Legally speaking, internships are somewhat of a grey area. Are the interns volunteers who fall outside of the National Minimum Wage Regulations or are they actually ‘workers’ who do not?

Generally, if an intern is shadowing and going to meetings with people, or their internship is a formal part of their university/college course they are probably not workers. However, if they have pre-determined tasks, are expected to be in the office for set hours, have deadlines and their work is monitored, they are most likely to be workers and should really be paid the minimum wage.

Dominic Potter, co-author of “Why Interns Need a Fair Wage” (published by IPPR, July 2010) and director of Internocracy states: “we now have entire industries that rely on the willingness of young people to work for free. In the long term this is bad for business because it damages the reputation of these industries and makes it difficult for them to recruit from the broadest pool of talent. It also means that young people from well-off backgrounds or with good family connections have an instant advantage when it comes to finding a permanent job”

The National Gallery, National Portrait Gallery, Natural History Museum and the British Museum all use interns on a regular basis ranging from two weeks to nine months. A spokeswoman for the National Gallery said that interns “were normally students whose internships constitute formal parts of their courses”. (London Evening Standard, 23 February 2011) Students who undertake work experience as part of higher or further education do not need to be paid the minimum wage, as long as their placement does not exceed one year.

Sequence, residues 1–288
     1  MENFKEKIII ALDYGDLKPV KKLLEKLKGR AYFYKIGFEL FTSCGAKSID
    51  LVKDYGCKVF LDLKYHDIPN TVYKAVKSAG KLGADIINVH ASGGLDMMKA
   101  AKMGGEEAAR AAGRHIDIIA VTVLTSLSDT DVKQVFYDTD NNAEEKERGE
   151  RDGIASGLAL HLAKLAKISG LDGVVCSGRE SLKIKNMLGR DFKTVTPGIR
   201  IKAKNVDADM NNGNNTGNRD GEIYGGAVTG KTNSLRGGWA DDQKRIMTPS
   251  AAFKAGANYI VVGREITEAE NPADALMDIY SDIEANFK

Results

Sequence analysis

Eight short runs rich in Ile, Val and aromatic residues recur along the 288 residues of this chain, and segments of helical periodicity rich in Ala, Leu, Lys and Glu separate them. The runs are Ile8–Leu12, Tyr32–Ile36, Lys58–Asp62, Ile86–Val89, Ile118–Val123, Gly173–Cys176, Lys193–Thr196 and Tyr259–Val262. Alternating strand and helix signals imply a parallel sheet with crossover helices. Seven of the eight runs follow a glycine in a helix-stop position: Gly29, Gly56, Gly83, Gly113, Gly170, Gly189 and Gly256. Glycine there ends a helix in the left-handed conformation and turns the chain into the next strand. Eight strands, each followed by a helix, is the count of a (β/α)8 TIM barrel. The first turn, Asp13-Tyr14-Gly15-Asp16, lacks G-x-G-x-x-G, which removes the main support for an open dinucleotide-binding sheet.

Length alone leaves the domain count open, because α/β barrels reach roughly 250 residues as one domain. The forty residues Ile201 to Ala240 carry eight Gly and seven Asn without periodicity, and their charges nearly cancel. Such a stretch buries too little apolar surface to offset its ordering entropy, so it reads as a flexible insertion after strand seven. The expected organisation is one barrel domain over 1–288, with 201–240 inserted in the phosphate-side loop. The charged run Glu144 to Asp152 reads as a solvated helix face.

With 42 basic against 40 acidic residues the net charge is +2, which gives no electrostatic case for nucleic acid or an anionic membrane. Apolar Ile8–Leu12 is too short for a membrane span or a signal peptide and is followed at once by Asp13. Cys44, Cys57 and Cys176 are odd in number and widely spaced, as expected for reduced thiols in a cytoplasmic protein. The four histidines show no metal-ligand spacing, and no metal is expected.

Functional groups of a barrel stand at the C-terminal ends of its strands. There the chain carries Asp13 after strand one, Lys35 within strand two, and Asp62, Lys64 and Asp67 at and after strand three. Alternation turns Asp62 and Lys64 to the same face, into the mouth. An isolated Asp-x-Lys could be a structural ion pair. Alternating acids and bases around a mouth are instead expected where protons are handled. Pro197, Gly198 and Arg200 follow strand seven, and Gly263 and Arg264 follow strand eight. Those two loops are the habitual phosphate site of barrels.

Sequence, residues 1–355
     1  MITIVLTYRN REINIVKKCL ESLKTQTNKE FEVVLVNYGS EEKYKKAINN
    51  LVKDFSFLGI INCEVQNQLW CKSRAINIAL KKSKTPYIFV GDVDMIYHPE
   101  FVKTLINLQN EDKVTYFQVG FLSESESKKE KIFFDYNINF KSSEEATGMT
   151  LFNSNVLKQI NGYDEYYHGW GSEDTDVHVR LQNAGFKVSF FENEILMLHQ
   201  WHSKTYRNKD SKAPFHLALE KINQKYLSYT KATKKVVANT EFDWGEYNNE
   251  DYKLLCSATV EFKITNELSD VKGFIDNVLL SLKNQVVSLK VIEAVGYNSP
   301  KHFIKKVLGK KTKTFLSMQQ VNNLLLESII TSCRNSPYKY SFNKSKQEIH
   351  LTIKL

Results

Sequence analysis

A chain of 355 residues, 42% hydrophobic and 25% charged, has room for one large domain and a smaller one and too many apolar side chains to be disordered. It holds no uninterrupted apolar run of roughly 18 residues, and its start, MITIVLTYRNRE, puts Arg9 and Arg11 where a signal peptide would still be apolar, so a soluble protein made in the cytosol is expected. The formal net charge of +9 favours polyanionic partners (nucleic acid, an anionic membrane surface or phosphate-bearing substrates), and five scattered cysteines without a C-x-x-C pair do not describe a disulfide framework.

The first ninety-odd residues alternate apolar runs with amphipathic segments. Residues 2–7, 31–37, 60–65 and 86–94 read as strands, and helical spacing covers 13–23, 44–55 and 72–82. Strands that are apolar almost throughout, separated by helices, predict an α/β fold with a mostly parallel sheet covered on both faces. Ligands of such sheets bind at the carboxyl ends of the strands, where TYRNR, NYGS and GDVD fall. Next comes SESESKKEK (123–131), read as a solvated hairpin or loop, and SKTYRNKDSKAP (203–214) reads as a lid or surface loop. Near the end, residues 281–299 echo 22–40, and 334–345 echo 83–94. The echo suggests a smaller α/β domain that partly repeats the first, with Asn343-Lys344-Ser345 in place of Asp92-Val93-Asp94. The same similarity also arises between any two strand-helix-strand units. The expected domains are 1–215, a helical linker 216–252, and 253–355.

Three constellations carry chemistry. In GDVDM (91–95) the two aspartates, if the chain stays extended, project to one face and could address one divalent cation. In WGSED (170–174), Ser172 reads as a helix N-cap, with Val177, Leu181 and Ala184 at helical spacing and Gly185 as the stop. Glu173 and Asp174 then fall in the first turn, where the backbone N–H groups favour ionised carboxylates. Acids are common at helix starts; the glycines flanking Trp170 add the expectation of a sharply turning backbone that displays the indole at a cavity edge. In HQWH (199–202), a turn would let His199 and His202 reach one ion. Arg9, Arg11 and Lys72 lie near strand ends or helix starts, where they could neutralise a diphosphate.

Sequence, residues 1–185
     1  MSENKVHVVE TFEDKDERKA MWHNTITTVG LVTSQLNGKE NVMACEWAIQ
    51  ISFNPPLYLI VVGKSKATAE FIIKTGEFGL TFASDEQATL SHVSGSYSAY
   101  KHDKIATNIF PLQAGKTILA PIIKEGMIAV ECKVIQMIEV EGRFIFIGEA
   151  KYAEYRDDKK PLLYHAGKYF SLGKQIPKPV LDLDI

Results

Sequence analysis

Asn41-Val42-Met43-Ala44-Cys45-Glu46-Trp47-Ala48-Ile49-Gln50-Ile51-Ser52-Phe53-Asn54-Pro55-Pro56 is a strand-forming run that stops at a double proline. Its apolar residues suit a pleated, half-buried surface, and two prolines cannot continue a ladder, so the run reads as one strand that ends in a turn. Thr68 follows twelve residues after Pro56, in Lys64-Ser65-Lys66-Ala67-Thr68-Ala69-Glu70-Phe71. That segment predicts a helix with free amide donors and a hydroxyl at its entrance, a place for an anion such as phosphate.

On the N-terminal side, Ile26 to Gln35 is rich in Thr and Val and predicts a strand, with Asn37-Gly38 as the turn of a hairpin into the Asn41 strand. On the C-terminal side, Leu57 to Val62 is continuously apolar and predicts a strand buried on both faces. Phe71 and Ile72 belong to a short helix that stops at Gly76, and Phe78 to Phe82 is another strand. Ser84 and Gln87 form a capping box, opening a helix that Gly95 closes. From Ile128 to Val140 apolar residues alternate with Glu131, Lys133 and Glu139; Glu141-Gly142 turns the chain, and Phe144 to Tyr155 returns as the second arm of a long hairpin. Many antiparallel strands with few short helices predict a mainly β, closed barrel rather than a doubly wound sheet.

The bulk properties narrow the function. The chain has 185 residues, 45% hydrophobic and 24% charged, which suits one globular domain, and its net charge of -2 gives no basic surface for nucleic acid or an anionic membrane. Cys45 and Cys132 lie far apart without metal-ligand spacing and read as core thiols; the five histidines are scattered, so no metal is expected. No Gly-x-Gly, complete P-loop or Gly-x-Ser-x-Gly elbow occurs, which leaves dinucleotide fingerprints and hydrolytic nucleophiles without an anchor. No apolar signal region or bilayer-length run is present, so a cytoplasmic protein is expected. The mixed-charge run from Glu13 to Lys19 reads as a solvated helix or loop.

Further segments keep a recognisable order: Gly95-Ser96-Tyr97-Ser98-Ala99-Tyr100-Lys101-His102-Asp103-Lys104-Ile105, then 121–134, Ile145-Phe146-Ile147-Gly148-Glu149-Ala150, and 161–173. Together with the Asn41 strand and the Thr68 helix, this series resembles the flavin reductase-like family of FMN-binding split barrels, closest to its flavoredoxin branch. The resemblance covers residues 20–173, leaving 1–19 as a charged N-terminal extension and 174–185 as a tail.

Paul Breton, director of HR at the Natural History museum, said it had “utmost respect” for the “significant contribution” of interns, while the Imperial War Museum said “we value the support of all interns and are confident that the museum helps them to develop skills and knowledge which prove useful throughout their career’’ (both quotes from the London Evening Standard, 23 February 2011).

Whatever your opinion on interns, the topic has certainly gained momentum in recent years with Nicola Vetta managing to sue London Dreams Motion Pictures Limited for back payment of wages for the period of her internship in 2009. She was on an “expenses only” internship which is not uncommon. Pressure appears to be mounting for payment for interns – in 2010 the Low Pay Commission reported to the government of the “systematic abuse of (unpaid) interns” and the Chartered Institute of Personnel and Development recommended the introduction of a ‘training wage’.

At the moment the law is enforced on a fairly ad hoc basis depending on whether an organisation comes to the attention of HMRC or the Employment Tribunal, but companies need to be aware of the risks in hiring interns for activities that could classify them as workers. The higher profile this subject is in the press, the greater the chance of having tribunal claims from disgruntled interns.